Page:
Thursday, February 22, 2018


At the beginning of February, I had the opportunity to travel to the NCCEP/GEAR UP Capacity Building Workshop in Las Vegas, Nevada with the GEAR UP department from LibbyHigh School, my MTCC service site. As a VISTA, I saw the words capacity building and thought “I’M IN!”

Sunny Las Vegas was a beautiful reprieve from cold and cloudy Libby but I took home a lot more than a suntan and the tiny condiments they left out at breakfast. I took home a fresh outlook on bringing a college and career mindset to Libby students. We attended three days of sessions. The first day focused on excelling our ideas and programs, the second day on demonstrating effective capacity building strategies, and the third day we learned how to mobilize these ideas and programs and maximize results.

Because my service year is concentrating on professionalizing and promoting the high school internship program among students and families in Libby, I attended seminars and workshops with titles like “Putting the CAREER in College and CareerReadiness,” “Breaking Through to Disengaged Students”, and “Culturally-Responsive Communications in Family Engagement.” The focus in each session was to present classroom tested and ready information. Because we VISTAs primarily do indirect service, it took some creative thinking to reframe how these tools could be applied to my service. For example, in the “Breaking Through to Disengaged Students” workshop, we moved around a lot to keep from getting sleepy in the classroom. Even without a classroom, I can incorporate active tasks into the presentations I give to students and community members about our internship program.

I have a special place in my heart for family engagement. In Libby, we too struggle with getting parents involved in academic and career related functions. In many cases, the staff create an additional mentor-type relationship for students who need extra support. I find myself taking students under my wing to walk them through financial planning for college or even just asking how their day is going - providing safe daily check-in spaces.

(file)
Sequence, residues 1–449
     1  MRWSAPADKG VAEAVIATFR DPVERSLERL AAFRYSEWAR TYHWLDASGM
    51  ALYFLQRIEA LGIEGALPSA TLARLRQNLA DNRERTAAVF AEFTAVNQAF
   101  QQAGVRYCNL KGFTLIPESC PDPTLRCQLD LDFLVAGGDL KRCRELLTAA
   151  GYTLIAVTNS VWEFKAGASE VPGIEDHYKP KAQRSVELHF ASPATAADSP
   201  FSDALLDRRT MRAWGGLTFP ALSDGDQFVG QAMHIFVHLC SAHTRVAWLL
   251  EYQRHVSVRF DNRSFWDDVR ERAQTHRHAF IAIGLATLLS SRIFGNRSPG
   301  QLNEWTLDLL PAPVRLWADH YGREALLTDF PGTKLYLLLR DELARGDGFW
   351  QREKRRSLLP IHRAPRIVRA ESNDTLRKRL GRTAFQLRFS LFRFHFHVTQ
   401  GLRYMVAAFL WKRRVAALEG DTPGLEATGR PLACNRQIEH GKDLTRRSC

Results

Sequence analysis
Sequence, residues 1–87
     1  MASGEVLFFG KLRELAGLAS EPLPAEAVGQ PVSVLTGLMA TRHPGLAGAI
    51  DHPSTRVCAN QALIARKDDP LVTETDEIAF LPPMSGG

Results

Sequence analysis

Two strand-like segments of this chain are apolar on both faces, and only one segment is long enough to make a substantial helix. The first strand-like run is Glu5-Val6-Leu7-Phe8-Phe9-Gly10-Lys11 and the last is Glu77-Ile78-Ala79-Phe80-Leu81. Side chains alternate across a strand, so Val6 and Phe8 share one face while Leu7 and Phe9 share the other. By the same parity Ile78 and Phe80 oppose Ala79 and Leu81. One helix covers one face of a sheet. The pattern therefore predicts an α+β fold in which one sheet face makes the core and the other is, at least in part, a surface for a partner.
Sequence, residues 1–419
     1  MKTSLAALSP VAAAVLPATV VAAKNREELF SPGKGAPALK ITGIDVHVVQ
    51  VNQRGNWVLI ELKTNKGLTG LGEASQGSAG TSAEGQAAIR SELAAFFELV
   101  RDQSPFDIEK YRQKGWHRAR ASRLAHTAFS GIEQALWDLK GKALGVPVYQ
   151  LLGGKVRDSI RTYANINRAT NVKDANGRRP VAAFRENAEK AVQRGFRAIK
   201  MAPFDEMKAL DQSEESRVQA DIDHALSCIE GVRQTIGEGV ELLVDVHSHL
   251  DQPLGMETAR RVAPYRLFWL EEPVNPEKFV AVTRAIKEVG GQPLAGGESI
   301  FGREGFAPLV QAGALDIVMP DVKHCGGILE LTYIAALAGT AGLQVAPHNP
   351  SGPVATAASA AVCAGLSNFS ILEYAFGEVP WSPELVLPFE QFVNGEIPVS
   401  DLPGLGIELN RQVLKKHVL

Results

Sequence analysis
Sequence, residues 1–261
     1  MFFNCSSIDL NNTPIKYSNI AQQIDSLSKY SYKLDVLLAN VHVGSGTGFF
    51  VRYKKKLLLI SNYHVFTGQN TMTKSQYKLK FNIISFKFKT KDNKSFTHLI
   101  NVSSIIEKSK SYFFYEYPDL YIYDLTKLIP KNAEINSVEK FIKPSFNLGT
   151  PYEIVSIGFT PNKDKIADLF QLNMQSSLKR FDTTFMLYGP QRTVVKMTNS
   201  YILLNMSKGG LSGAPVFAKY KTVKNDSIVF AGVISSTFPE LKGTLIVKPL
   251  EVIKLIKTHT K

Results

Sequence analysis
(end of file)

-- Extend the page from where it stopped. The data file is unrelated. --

There are also many families in Libby who want to be involved but they don't know how, or are afraid to be. They are the family engagement targets! As we learned on day 2, students whose parents are involved at school are more likely to have good grades, attend college, etc. Because Libby is a tight community that values hard work, I think more highly involved parents is a reachable goal. I am working on instigating bi-weekly parent/GEAR UP meetings to build trust in our community and form a group of parents that will spread the college and career readiness word.

I took home several great ideas from the Capacity Building conference, but like most great ideas, they are harder to instigate in reality than in concept. Both the administrative and budget barriers that come with working in a high-risk school can be frustrating. One of our keynote speakers, Linda Cliatt-Wayman, used to be the principal at Strawberry Mansion High School in Philadelphia. Her students were affected by extreme poverty and violence everyday. She made two main points all education communities can all hold onto. The first: If you don't do it, who will? This encourages the social pioneers in all of us to serve with purpose and to the best of our abilities. The second was even more personal. She told us that she used to get on the announcements everyday telling her students “If no one told you they love you today, remember I do and I always will.” The best way to lead is with love and if no one told you they love you today, I do. I am proud to be a part of such a hardworking education focused community!